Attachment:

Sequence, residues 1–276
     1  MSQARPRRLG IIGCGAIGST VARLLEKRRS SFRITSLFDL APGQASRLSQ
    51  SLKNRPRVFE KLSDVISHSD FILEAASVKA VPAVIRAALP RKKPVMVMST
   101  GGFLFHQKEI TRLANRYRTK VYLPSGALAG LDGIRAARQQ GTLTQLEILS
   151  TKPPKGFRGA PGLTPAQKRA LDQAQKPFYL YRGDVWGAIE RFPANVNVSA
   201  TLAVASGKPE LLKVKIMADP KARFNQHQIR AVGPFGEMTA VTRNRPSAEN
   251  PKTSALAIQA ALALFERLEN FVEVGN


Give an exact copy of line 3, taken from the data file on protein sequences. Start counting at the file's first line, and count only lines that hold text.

    51  SLKNRPRVFE KLSDVISHSD FILEAASVKA VPAVIRAALP RKKPVMVMST